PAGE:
All the Christmases roll down toward the two-tongued sea, like a cold and headlong moon bundling down the sky that was our street; and they stop at the rim of the ice-edged fish-freezing waves, and I plunge my hands in the snow and bring out whatever I can find. In goes my hand into that wool-white bell-tongued ball of holidays resting at the rim of the carol-singing sea, and out come Mrs. Prothero and the firemen.

It was on the afternoon of the Christmas Eve, and I was in Mrs. Prothero's garden, waiting for cats, with her son Jim. It was snowing. It was always snowing at Christmas. December, in my memory, is white as Lapland, though there were no reindeers. But there were cats. Patient, cold and callous, our hands wrapped in socks, we waited to snowball the cats. Sleek and long as jaguars and horrible-whiskered, spitting and snarling, they would slink and sidle over the white back-garden walls, and the lynx-eyed hunters, Jim and I, fur-capped and moccasined trappers from Hudson Bay, off Mumbles Road, would hurl our deadly snowballs at the green of their eyes. The wise cats never appeared.

We were so still, Eskimo-footed arctic marksmen in the muffling silence of the eternal snows - eternal, ever since Wednesday - that we never heard Mrs. Prothero's first cry from her igloo at the bottom of the garden. Or, if we heard it at all, it was, to us, like the far-off challenge of our enemy and prey, the neighbor's polar cat. But soon the voice grew louder.
"Fire!" cried Mrs. Prothero, and she beat the dinner-gong.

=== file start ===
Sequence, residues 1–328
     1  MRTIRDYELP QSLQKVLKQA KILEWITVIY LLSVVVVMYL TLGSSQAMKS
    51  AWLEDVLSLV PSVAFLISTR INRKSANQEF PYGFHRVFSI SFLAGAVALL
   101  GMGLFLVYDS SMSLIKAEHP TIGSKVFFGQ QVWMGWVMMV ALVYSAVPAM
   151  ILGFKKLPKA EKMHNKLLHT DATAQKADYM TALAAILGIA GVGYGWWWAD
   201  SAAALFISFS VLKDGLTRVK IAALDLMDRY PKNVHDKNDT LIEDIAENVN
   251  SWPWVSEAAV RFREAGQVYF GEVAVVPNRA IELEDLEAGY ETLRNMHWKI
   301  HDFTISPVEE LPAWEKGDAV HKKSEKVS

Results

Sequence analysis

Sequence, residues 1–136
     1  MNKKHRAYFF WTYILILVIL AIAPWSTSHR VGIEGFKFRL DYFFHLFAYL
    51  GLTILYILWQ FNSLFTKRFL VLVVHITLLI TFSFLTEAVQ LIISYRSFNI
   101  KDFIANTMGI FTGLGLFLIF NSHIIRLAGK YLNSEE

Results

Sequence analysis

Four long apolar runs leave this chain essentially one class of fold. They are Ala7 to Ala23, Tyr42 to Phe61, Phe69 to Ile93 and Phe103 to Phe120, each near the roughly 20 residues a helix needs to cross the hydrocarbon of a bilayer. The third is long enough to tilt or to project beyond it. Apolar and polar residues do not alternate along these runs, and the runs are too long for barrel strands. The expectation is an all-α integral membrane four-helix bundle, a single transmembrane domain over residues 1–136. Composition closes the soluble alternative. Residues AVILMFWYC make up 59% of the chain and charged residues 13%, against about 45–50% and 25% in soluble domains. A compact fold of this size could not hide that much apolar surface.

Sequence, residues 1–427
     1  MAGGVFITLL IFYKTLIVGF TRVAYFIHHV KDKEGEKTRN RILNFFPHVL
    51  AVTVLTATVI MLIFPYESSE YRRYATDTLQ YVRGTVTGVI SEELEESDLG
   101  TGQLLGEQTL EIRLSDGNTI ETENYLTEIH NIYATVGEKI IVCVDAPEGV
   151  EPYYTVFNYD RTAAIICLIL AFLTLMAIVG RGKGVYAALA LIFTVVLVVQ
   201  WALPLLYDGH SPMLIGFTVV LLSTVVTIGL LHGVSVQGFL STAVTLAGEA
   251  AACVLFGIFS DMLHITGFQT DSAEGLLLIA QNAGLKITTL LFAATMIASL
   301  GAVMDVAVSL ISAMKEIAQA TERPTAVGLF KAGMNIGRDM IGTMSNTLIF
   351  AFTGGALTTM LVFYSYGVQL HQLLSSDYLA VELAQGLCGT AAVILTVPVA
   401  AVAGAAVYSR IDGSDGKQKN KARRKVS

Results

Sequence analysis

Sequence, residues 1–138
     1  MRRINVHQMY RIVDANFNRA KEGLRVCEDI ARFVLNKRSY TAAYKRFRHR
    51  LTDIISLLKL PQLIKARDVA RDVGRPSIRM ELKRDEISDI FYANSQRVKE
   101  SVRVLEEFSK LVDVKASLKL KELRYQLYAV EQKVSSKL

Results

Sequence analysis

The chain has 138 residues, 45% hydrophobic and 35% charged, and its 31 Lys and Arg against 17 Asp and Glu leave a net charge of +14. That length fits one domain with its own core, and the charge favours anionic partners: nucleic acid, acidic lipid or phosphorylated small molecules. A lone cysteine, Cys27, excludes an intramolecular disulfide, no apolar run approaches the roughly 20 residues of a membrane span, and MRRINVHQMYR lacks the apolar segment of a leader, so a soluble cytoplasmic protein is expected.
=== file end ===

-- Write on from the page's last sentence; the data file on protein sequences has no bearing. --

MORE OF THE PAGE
And we ran down the garden, with the snowballs in our arms, toward the house; and smoke, indeed, was pouring out of the dining-room, and the gong was bombilating, and Mrs. Prothero was announcing ruin like a town crier in Pompeii. This was better than all the cats in Wales standing on the wall in a row. We bounded into the house, laden with snowballs, and stopped at the open door of the smoke-filled room.

Something was burning all right; perhaps it was Mr. Prothero, who always slept there after midday dinner with a newspaper over his face. But he was standing in the middle of the room, saying, "A fine Christmas!" and smacking at the smoke with a slipper.

"Call the fire brigade," cried Mrs. Prothero as she beat the gong.
"There won't be there," said Mr. Prothero, "it's Christmas."
There was no fire to be seen, only clouds of smoke and Mr. Prothero standing in the middle of them, waving his slipper as though he were conducting.
"Do something," he said. And we threw all our snowballs into the smoke - I think we missed Mr. Prothero - and ran out of the house to the telephone box.
"Let's call the police as well," Jim said. "And the ambulance." "And Ernie Jenkins, he likes fires."

But we only called the fire brigade, and soon the fire engine came and three tall men in helmets brought a hose into the house and Mr. Prothero got out just in time before they turned it on. Nobody could have had a noisier Christmas Eve. And when the firemen turned off the hose and were standing in the wet, smoky room, Jim's Aunt, Miss. Prothero, came downstairs and peered in at them. Jim and I waited, very quietly, to hear what she would say to them. She said the right thing, always. She looked

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22. Little Rare Book Room...My favorite holiday carol...

From the brilliant HP Lovecraft Society, please enjoy a favorite of mine, "Little Rare Book Room" (Lyrics by Sean Branney and Andrew Leman, based on 'Little Drummer Boy,' written in 1958 by Katherine Davis, Henry Onorati, and Harry Simeone):

Come, they called me
The special book room